Low Level Laser Therapy for shoulder tendinitis and impingement

Shoulder tendinopathy is caused by irritation or damage to the tendons of the muscles in the shoulder. This is often caused by repeated microtrauma such as impingement as a result of the acromion rubbing against the rotator cuff when the arm is raised.  The raising of the arm narrows the space between acromion and the rotator cuff making the bursa less likely to protect the tendons. This will cause tendons to become inflamed and swollen causing pain to the patient and sometimes loss in strength and motion.  Research has shown that low level laser can be an effective therapy for this condition.

Find out more about low-level lasers

Low-level laser and local corticosteroid injection in the treatment of subacromial impingement syndrome: a controlled clinical trial.  Kelle B, Kozanoglu E. Clin Rehabilitation, Feb 11 2014.

  • Controlled clinical trial.
  • 135 subjects with subacromial impingement syndrome.
  • Subjects were allocated to three groups according to their order of admission:
    • Local corticosteroid injection (group I) – injections were administered twice, with an interval of 10 days between each.
    • Sham laser treatment (group II) – the treatment procedure was the same as for group III, with the exception that the laser device was not turned on.
    • Low-level laser treatment (group III) – GaAs 904nm; 2J/cm² – performed 3x per week for a total of 9 sessions.
  • Subjects  were assessed at pre-treatment, post-treatment and 3 and 6 months after the first visit.  The primary outcome of the study was pain intensity (visual analog scale) during activity and at rest.  The secondary outcomes were, shoulder functional status and quality of life measured by the University of California at Los Angeles rating score (UCLA) and Nottingham Health Profile (NHP) scale respectively.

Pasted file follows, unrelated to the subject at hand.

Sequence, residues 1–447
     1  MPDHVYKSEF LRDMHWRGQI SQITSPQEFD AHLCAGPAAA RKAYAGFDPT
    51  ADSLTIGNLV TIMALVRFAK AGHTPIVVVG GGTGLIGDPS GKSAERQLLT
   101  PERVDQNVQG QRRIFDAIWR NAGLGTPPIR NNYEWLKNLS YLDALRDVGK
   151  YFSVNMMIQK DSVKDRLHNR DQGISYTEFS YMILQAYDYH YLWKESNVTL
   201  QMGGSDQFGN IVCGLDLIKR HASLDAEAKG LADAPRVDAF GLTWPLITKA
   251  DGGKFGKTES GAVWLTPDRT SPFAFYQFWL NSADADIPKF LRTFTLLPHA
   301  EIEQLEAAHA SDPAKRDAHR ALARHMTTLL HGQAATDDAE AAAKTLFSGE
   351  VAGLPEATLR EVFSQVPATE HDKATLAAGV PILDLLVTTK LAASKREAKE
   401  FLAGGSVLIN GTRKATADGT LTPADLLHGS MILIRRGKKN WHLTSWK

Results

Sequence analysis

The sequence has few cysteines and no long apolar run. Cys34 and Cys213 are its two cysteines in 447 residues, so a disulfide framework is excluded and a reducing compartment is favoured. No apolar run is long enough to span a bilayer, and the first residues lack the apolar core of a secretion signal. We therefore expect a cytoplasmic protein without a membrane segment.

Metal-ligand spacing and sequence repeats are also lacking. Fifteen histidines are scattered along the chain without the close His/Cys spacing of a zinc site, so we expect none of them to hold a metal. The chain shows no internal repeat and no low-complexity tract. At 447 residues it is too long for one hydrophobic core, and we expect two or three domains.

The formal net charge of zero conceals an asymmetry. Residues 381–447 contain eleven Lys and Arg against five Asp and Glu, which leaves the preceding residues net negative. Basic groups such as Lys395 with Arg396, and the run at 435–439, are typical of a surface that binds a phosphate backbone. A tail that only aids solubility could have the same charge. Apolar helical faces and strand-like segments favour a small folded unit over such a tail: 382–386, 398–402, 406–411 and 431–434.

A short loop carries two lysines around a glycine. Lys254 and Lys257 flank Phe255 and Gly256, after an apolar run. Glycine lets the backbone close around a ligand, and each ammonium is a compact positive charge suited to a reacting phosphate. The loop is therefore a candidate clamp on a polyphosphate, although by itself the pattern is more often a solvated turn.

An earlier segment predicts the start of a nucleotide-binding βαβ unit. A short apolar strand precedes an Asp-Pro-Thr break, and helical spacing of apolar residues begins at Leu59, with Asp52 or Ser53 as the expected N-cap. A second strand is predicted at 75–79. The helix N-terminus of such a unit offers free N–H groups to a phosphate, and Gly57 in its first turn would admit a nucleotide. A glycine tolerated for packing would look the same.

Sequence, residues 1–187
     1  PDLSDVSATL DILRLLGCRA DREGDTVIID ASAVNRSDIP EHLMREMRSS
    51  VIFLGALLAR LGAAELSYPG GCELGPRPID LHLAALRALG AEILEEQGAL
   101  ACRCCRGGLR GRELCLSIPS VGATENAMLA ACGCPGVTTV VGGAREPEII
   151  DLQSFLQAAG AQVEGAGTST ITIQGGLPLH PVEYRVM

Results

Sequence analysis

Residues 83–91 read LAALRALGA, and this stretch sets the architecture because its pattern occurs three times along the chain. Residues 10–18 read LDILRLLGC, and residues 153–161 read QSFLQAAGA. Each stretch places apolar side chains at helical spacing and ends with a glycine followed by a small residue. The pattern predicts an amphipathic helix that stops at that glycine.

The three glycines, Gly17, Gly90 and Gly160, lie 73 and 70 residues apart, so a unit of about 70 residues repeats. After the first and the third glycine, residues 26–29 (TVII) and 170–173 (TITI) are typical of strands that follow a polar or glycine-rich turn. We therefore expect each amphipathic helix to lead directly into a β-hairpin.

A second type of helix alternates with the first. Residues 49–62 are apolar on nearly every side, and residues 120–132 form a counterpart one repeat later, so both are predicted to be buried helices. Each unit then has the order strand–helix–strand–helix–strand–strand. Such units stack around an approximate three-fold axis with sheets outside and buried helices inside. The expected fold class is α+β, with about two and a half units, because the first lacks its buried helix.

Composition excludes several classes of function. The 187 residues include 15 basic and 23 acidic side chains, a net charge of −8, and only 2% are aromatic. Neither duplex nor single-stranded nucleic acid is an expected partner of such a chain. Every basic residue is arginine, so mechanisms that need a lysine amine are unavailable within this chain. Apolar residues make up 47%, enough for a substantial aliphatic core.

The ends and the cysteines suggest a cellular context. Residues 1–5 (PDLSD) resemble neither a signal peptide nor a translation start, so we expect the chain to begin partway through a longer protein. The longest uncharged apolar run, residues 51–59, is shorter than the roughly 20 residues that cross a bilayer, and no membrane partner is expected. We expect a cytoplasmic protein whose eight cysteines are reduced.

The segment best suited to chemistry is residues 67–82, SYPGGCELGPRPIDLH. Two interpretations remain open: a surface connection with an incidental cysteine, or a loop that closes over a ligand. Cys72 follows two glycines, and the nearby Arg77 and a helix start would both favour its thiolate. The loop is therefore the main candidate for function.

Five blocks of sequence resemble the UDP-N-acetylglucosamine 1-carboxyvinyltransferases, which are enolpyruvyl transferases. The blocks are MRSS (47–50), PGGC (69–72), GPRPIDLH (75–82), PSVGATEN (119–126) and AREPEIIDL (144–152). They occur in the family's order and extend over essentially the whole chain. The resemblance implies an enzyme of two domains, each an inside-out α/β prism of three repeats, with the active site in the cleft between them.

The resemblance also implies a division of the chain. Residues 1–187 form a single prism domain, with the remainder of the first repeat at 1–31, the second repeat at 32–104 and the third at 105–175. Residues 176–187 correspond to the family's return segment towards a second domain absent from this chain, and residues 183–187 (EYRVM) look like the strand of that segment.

• Significant differences were observed between groups I and II and between groups II and III regarding pain during activity and at rest scores at all of the visits (p<0.05). Group I and III had significantly greater pain VAS reductions than group II at all time points.  Only for the post-treatment test, pain VAS score was significantly more improved in group I than group III. For all other time points there was no significant differnce between group  I and III.  The UCLA scores (shoulder function) were significantly changed in all three study groups at all of the visits. Improvements were significantly greater in group I and III versus group II.
  • The effectiveness of low-level laser treatment was similar to that of local corticosteroid injection in patients with subacromial impingement syndrome. Both low-level laser treatment and corticosteroid injection were more effective than sham laser treatment.

Low-level laser therapy versus ultrasound therapy in the treatment of subacromial impingement syndrome: a randomised clinical trial. Yavuz F, Duman I, Taskaynatan MA, Tan AK.  J Back Musculoskelet Rehabilitation, Dec 17 2013.

  • Prospective, observer-blinded, randomized clinical trial.
  • 31 subjects with subacromial impingement syndrome were randomly assigned to low-level laser therapy group (n=16) and ultrasound therapy group (n=15).
  • Study participants received 10 treatment sessions of low-level laser therapy (3J/cm², total 15J) or ultrasound therapy (1MHz, 2W/cm²) over a period of two-consecutive weeks (5 days/wk).